Between the Neck and the Shoulder is part of a series of works which mark a shift in Filwa Nazer’s practice away from collage and print-based work to her use of textile. Nazer’s practice centres around themes of embodiment and the relationship between self and place. Drawing from her background in fashion design, she creates large scale textile sculptures through which she explores the body’s relationship to space both physically and psychologically. Nazer’s points of departure are both personal and political, responding to moments of change in her life that coincided with rapid social progress in Saudi.In Between the Neck and the Shoulder, Nazer transposes the outlines of architectural plans from two distinct living spaces, namely her homes in London and Jeddah, overlapping and abstracting these outlines through embroidery onto an oversized and ambiguous hanging garment. She queries how we inhabit these spaces? Nazer alludes to spaces in-progress, drawing from a vocabulary of pattern-making and using materials including industrial netting typically used to shroud buildings under construction.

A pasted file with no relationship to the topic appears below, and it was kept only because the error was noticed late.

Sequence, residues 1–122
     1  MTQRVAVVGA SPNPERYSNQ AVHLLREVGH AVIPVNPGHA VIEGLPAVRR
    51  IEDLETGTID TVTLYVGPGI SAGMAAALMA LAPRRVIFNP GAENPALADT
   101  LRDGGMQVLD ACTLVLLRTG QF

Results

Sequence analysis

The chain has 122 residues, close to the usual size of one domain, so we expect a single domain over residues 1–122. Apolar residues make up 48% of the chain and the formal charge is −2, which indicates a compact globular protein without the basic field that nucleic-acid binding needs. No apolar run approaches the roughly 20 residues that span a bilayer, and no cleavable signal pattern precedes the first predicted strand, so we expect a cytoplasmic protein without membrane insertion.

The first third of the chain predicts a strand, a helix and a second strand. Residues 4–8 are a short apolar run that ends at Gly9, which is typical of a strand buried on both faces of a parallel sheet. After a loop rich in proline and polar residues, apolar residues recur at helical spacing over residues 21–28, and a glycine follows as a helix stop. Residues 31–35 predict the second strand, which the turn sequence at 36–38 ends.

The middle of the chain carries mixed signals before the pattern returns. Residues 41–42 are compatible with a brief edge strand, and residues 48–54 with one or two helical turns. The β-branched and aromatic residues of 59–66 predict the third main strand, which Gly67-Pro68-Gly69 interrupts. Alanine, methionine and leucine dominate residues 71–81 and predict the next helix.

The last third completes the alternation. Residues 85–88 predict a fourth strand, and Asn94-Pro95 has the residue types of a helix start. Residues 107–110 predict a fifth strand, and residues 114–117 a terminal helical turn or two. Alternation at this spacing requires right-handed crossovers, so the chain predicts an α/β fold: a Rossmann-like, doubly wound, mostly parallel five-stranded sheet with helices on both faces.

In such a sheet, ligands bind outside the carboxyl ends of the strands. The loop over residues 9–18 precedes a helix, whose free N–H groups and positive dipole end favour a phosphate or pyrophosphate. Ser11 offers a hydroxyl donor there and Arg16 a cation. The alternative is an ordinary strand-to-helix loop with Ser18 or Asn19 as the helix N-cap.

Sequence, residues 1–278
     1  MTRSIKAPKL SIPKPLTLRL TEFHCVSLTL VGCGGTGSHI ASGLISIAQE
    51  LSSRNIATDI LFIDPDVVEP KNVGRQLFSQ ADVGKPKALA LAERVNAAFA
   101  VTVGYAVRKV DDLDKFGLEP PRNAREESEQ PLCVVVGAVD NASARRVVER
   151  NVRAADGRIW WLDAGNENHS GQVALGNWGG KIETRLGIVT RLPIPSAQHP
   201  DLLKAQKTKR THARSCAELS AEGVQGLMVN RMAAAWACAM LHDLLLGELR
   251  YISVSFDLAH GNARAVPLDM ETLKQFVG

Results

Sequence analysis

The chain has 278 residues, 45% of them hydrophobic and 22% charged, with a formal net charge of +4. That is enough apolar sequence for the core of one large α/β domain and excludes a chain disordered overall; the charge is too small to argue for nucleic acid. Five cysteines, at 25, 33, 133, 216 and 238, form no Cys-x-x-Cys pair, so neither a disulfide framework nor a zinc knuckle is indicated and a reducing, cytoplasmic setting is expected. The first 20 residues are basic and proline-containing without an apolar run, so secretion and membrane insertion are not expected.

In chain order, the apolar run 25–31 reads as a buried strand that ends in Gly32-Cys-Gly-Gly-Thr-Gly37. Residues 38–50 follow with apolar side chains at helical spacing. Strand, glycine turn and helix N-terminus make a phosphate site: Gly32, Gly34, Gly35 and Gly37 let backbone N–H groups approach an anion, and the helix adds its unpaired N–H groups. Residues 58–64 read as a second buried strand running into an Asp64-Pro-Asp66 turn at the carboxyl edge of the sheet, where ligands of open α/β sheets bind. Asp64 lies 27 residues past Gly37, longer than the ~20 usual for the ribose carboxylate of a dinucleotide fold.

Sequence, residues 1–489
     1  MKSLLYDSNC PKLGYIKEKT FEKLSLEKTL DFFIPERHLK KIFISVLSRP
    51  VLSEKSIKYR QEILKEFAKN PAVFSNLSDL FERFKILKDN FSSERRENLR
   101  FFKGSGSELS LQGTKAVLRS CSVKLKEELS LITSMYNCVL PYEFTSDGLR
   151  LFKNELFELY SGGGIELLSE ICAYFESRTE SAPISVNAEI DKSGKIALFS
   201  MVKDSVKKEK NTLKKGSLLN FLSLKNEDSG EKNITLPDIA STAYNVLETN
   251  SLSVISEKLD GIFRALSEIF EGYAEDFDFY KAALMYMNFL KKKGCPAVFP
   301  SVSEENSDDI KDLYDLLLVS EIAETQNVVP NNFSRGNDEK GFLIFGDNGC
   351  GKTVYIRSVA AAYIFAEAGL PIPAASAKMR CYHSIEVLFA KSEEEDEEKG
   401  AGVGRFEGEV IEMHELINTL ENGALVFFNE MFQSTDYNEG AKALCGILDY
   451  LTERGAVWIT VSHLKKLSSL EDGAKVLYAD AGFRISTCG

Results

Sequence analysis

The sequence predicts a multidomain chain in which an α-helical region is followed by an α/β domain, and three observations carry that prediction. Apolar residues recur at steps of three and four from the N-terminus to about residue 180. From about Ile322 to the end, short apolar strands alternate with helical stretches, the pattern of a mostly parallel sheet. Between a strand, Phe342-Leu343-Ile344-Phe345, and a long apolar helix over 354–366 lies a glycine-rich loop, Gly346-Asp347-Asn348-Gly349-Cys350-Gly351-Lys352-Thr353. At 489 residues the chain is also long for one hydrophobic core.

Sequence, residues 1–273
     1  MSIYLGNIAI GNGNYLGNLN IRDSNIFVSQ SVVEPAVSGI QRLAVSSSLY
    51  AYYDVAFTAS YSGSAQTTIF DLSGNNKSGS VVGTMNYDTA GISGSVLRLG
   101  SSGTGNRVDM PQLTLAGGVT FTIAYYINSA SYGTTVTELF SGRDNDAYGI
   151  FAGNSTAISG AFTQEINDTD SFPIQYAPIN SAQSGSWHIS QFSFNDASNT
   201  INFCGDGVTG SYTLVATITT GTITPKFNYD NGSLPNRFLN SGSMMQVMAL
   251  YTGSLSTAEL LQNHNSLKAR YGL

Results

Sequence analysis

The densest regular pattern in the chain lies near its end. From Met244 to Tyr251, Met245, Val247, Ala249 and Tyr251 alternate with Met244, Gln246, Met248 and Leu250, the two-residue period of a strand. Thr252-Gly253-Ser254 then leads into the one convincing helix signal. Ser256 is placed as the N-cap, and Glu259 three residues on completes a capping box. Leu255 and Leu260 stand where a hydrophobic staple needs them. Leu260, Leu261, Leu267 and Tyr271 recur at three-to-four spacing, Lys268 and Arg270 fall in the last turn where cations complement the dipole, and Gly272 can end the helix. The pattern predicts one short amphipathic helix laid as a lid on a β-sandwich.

In exploring the spaces we occupy in our bodies, between being and becoming, within our clothes, and in our homes, Nazer seeks to investigate how our sense of self relates to spaces we inhabit, especially as we transition through and with these spaces.
Filwa Nazer began her creative journey as a fashion designer and graduated from Milan’s Marangoni school of Fashion and design. Her practice ranges from digital print, collage, textile to appropriation of photography and centres around questioning the emotional and psychological identity in relation to spatial and social contexts. In her recent practice, Filwa has employed textiles and sewing techniques as a medium to explore relationships between our bodies and the spaces we occupy, thus unveiling an intimate experimental process that reflects the tensions inherent in both.